Urhai, modern Urfa), where, in all probability, the chief Syriac versions of the Bible were made.
17; but Orhai or Urhai, son of Hewya (i.e.
The oldest certain form is the Aramaic Urhai (" Western " pronunciation Urhoi), which appears in Greek as an adjective as Oppor i vi t, 2 -voi 3 (perhaps also as a fortress with spring, as Oppa),4 and in Latin as Orr(h)ei, 5 and (in the inscription on Abgar's grave) Orrhenoru(m).
6 The Syriac Chronicle ascribed to Dionysius of Tell-mahre derives the name from a first king Urhai, son of Hewya, whom Procopius (De bello persico, i.
Hoffmann would also derive the Syriac Urhai (Z.D.M.G.
It is not impossible that some such people may have settled at Urhai and given it their name, although the Ru-'-u-a are always mentioned in connexions that imply seats near the Persian Gulf.° The district name Osroene for 'Opportvi t, is Greek, perhaps due to analogy of Chosroes.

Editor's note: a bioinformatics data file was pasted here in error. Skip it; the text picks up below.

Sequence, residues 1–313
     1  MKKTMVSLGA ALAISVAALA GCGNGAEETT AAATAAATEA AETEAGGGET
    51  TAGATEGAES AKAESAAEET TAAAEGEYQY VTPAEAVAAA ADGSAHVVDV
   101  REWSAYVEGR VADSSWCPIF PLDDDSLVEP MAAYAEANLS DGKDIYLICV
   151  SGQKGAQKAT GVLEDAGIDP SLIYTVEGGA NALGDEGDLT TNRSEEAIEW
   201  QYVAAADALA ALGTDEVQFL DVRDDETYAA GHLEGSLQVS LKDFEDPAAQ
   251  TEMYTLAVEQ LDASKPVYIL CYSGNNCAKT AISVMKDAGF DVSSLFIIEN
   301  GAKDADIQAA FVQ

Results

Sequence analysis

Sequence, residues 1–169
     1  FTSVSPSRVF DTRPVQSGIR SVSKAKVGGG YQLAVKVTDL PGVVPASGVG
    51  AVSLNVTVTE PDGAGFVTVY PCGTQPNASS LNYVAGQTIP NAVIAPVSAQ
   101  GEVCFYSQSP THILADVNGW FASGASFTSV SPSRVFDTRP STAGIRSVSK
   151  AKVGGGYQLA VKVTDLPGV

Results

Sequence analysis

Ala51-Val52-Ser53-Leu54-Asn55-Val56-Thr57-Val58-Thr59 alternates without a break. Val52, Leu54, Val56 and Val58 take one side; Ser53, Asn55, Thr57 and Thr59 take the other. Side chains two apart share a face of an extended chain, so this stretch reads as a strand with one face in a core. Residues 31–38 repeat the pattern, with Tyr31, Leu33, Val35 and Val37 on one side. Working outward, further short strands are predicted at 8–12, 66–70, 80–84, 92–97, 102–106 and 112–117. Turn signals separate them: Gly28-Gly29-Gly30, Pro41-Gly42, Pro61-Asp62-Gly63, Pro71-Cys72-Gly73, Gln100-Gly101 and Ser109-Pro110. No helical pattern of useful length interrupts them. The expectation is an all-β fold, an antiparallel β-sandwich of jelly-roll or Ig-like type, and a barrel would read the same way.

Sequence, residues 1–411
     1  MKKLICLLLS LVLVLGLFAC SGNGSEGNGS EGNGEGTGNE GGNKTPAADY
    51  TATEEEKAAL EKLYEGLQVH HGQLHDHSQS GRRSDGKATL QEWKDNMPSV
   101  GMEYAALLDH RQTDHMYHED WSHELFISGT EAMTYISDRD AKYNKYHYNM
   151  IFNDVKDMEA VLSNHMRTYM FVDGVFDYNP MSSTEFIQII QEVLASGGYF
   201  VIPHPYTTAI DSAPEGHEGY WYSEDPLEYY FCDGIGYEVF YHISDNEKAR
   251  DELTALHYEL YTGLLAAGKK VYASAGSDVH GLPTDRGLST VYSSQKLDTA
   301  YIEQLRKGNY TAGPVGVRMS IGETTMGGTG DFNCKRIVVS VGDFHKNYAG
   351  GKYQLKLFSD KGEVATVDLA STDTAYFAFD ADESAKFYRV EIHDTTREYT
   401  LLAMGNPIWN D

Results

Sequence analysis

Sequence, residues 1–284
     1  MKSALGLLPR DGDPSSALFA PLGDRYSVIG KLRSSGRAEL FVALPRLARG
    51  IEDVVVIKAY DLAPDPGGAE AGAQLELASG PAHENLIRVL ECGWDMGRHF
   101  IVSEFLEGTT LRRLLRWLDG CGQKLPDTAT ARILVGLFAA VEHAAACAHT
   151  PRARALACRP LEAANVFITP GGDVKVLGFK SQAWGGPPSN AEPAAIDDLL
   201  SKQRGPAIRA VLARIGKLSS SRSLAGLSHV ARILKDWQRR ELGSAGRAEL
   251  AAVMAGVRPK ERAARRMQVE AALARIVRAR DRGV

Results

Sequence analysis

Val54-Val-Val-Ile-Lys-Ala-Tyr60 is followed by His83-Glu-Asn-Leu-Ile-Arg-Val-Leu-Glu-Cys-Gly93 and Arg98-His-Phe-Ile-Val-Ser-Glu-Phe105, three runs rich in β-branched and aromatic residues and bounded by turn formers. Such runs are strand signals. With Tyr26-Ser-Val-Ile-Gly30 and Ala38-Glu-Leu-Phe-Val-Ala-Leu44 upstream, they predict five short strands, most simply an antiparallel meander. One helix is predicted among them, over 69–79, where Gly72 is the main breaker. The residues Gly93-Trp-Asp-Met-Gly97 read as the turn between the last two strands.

Main thoroughfares between the Mediterranean and the East (see Mesopotamia) that Urhai-Edessa, possibly bearing some other name, was already a town of some importance in the early Babylonian-Assyrian age.
Most probably its people belonged to the domain of the then more famous Harran-Carrhae, between which and Samosata (on the Euphrates) Urhai lies midway (some 25-30 m.
- According to a credible tradition found in Eusebius (Excerpta, 179), the Syriac Chronicle ascribed to Dionysius of Tell-mahre (Tullberg, 61), and elsewhere, Urhai was renovated, like other Mesopotamian sites, in 304 B.C. by Seleucus I.